Project E: An Explosion

The Work Theatre Collective
BAC
(2006)

Publicity image

The winner of the Oxford Samuel Beckett Theatre Trust Award 2006 comes to BAC for a three week run following its development by the Work Theatre Collective. The piece is billed as an exploration of the explosion as "a metaphor for our age"; an interesting concept, but fraught with potential for the kind of half-baked pretension displayed all too often in university campuses across the country, and although the result in Work Theatre's hands isn't a complete disaster, it falls into pretty much every "experimental theatre" trap going.

The main problem is that Project E hasn't the slightest idea of where it is going or what it is trying to say. Thrown into the mix, in no particular order, are (i) a series of interviews between increasingly obscure famous people who have something vaguely related to explosions and/or their causes and effects to say, (ii) an interesting and well-acted though entirely predictable sub-plot (well, it occupies about the same stage time as a sub-plot would, if there was a main plot) about a retired policeman and his harrassed police officer daughter and (iii) a man shouting a definition of "explosion" into a microphone.

Perhaps the judges read the script and thought this was sufficiently disjointed to be an appropriate homage to Beckett: it certainly is, but it lacks any overarching cohesion whatsoever. The blurb suggests that Project E is about how we experience dramatic events and dramatise our own existence, "from Hollywood to the nightly news, from the nuclear family to the violence of radical extremists", but having presented the audience with the various faces of "explosion" (and not particularly compellingly - one of the play's worst mistakes is to have Hitchcock explain the concept of suspense over surprise at the beginning, and then proceed to deliver neither), the piece simply peters out. The interval could as well have been the end, such was the lack of structure, and the end, after another hour of the same old stuff (perhaps the other nod to Beckett?) was more than welcome.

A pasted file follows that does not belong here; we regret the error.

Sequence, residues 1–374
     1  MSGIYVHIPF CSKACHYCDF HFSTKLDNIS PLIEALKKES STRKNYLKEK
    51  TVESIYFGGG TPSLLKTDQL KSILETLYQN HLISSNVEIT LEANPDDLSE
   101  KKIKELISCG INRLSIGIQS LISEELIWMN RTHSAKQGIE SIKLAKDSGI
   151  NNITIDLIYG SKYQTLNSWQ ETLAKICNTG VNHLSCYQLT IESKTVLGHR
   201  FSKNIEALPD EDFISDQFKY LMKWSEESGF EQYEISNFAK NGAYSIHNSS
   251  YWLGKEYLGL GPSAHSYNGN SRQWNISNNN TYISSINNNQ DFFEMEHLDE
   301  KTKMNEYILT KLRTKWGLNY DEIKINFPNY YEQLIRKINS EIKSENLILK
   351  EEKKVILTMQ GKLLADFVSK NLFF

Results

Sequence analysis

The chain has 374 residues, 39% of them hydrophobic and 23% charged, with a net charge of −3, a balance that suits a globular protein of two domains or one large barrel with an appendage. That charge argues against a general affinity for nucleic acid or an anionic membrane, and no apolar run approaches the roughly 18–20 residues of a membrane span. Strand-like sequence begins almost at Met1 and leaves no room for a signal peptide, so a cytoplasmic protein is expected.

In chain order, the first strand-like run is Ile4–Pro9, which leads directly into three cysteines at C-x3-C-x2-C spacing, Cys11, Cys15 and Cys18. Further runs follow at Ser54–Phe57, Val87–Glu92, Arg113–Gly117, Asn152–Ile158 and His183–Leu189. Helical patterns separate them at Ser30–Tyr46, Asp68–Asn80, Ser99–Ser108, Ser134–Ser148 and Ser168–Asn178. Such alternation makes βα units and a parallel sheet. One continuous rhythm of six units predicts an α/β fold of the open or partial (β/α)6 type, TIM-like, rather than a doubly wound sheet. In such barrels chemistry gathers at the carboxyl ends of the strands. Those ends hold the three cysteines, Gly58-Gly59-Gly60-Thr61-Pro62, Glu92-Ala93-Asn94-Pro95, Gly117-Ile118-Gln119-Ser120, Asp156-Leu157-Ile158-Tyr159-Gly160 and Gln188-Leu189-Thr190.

Some interesting ideas, excellent acting from the police officer and daughter sub-plot team, and the overall concept could have made a good play, but weak direction and writing which needs a lot of tightening up let Project E down in the end. A ruthless revision might yet transform it, but at the moment it is more damp squib than firecracker.

Until 19 November 2006

Reviewer: Louise Hill